Star Trek 2.24: The Ultimate Computer

The Ultimate ComputerThe Ultimate Computer” is your basic Luddite computer-goes-nuts plot. Kirk is upset when computer genius Dr Richard Daystrom is assigned to test his new M-5 computer unit on board the Enterprise. The M-5, according to Daystrom, is capable of taking over all the functions of the ship’s captain and most of the crew. Accordingly, most of the crew disembark on Starbase 6, leaving a skeleton crew of 20 aboard to supervise tests of the M-5, including a war game scenario with other Federation ships.

Kirk spends most of the first half of the episode moping about being replaced by a machine and making speeches about how a computer could never do the job with the same feeling as a human. Meanwhile the M-5 performs admirably, although disconcertingly it cuts power to a couple of decks – but this is explained by Daystrom as efficiency, since those decks contained no personnel. In a bit of foreshadowing, Kirk asks why it is M-5, not M-1. Daystrom replies that versions 1 to 4 were “not entirely successful“. Spock also comments that, lamentably, it is so far not possible to replace the ship’s surgeon with a machine – foreshadowing the later appearance of the holographic doctor in Star Trek: Voyager.

Of course the M-5 goes rogue, treating the war games simulated attack by four Federation vessels as a real attack and firing back with full phasers, severely damaging Commodore Wesley’s USS Lexington and killing everyone on board the USS Excalibur. When Kirk and Scotty try to pull the plug, they discover the M-5 has developed a damaging force field to protect itself and is now sucking unrestrained amounts of power directly from the warp engine reactor. Daystrom is surprised, but also inordinately pleased with his baby, descending by degrees into full blown mad scientist mode as he defends its actions and laments his past glories and how nobody understands him any more.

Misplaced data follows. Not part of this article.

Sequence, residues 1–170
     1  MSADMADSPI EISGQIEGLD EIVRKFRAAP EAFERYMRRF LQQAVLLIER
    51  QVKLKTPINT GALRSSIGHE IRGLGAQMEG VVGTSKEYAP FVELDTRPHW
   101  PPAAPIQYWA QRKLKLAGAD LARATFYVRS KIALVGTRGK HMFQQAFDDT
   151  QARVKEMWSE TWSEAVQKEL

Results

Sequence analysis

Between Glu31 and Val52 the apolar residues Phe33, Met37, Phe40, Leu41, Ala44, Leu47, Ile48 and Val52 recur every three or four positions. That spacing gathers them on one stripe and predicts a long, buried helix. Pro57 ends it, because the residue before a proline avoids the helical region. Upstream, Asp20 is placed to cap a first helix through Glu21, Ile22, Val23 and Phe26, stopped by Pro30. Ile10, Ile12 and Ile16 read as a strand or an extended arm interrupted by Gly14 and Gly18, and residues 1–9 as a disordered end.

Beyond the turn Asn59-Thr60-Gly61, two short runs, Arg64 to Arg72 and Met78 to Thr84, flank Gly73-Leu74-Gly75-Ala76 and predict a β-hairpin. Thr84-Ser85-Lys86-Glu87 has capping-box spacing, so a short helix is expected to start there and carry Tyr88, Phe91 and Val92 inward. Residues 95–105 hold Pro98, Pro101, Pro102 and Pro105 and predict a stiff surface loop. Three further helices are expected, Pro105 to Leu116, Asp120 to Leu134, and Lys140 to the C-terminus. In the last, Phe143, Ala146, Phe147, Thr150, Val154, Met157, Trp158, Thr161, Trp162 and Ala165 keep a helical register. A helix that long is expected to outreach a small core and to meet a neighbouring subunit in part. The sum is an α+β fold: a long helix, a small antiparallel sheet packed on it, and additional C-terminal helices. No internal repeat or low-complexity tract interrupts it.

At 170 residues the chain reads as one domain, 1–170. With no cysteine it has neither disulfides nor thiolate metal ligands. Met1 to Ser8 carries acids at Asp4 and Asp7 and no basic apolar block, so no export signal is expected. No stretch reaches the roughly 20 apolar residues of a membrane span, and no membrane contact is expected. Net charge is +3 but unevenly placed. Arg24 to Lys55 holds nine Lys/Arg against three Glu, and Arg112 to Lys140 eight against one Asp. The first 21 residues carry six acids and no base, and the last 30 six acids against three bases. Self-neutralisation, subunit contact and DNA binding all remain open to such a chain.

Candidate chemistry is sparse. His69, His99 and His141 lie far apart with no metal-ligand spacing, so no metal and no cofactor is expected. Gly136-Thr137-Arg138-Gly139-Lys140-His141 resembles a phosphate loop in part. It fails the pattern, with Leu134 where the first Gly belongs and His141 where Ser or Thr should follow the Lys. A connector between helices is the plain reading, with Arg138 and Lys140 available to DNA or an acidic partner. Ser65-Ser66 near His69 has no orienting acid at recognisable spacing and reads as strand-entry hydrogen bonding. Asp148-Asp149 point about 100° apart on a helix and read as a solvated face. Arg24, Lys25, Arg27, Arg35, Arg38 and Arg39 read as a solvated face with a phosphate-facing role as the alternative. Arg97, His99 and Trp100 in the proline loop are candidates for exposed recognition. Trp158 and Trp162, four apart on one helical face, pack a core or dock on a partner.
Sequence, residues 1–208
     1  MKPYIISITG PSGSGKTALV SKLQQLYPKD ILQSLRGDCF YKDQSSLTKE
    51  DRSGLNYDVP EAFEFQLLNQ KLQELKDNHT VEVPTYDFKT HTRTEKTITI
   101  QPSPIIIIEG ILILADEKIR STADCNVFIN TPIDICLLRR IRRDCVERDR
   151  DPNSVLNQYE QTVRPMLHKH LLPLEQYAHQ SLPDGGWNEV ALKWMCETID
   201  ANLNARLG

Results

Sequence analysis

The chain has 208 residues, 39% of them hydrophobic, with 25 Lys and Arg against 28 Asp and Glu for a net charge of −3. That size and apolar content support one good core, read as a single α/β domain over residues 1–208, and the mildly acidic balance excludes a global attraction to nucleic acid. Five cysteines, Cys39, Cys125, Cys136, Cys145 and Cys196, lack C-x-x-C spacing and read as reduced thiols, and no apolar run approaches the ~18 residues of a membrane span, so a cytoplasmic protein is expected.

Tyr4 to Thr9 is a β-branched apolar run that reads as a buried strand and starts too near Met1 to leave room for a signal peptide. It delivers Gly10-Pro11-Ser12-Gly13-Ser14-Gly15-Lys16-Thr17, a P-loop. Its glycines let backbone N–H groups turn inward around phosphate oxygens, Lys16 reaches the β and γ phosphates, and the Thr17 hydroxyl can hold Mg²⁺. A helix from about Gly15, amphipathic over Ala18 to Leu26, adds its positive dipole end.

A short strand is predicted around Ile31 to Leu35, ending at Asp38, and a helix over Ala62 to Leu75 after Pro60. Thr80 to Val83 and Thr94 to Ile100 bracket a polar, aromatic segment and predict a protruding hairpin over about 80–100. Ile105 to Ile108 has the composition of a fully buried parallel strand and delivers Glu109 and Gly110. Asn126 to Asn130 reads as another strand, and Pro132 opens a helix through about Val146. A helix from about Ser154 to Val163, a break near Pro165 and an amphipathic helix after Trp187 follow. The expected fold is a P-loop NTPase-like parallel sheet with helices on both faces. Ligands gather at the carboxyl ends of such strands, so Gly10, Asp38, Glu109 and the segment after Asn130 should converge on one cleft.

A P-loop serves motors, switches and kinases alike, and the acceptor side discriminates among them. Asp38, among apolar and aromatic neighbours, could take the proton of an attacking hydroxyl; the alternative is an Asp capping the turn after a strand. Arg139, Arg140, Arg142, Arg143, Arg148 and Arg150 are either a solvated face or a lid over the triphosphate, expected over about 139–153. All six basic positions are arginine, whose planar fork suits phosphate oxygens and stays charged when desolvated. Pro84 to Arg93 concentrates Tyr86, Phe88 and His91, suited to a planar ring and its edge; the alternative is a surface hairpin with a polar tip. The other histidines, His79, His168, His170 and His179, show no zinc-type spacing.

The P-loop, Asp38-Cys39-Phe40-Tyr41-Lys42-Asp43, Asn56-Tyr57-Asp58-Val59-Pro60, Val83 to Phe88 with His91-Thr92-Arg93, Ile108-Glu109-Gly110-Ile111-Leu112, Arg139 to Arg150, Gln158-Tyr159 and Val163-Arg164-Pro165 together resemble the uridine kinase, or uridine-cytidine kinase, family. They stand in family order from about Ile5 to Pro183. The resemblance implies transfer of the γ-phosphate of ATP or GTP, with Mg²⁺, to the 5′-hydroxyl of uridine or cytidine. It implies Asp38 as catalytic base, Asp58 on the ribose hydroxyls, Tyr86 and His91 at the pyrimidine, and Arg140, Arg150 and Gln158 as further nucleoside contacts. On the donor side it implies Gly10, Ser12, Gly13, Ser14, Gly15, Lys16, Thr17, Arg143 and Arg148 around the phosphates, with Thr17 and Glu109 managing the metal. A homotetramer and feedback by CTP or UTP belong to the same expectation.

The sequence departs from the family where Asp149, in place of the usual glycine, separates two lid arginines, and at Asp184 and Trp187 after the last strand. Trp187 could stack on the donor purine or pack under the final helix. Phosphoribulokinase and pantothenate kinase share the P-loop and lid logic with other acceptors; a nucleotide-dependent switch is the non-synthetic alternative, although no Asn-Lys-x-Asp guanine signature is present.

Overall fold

Wesley contacts Starfleet Command, asking for permission to destroy the Enterprise, a message Kirk hears but cannot respond to because the M-5 has locked communications. Permission is given, and things look hopeless. But then Kirk talks to the M-5, trying to reason with it on its own terms. Daystrom never intended it to kill humans, and in fact loaded his own personality engrams into the M-5 to give it his morals. When Kirk points out that the M-5 has murdered, the M-5 destroys itself in a fit of logic. Kirk is getting really good at talking rogue computers to death – it’s the 4th or 5th time he’s done it in the series so far. However, comms are still down and Wesley is about to attack. Kirk orders shields lowered, leaving the Enterprise completely vulnerable. Wesley interprets this correctly and calls off the attack. There’s a moral about Kirk knowing Wesley would do so, because he was human, not a computer.

One interesting point is that Kirk refers to the M-5 as a mass of “circuits and relays”. I guess relays are back in vogue in the 23rd century. Overall, it’s not a bad plot, just very predictable. An average episode, I’d say.

Tropes: Ludd Was Right, Master Computer, Foreshadowing, Unseen Prototype, AI Is A Crapshoot, Cut The Juice, Mad Scientist, Mama Didn’t Raise No Criminal, Glory Days, Brain Uploading, Logic Bomb, An Aesop.
Body count: Unnamed engineering ensign, at least 53 crew of USS Lexington, entire crew of USS Excalibur (over 400).

One Response to “Star Trek 2.24: The Ultimate Computer”

  1. Drachefly says:

    High-power transistors are often called ‘solid-state relays’. Alternately, the term could refer to a programming paradigm, the hardware element being so obsolete that the term has gone entirely out of usage.

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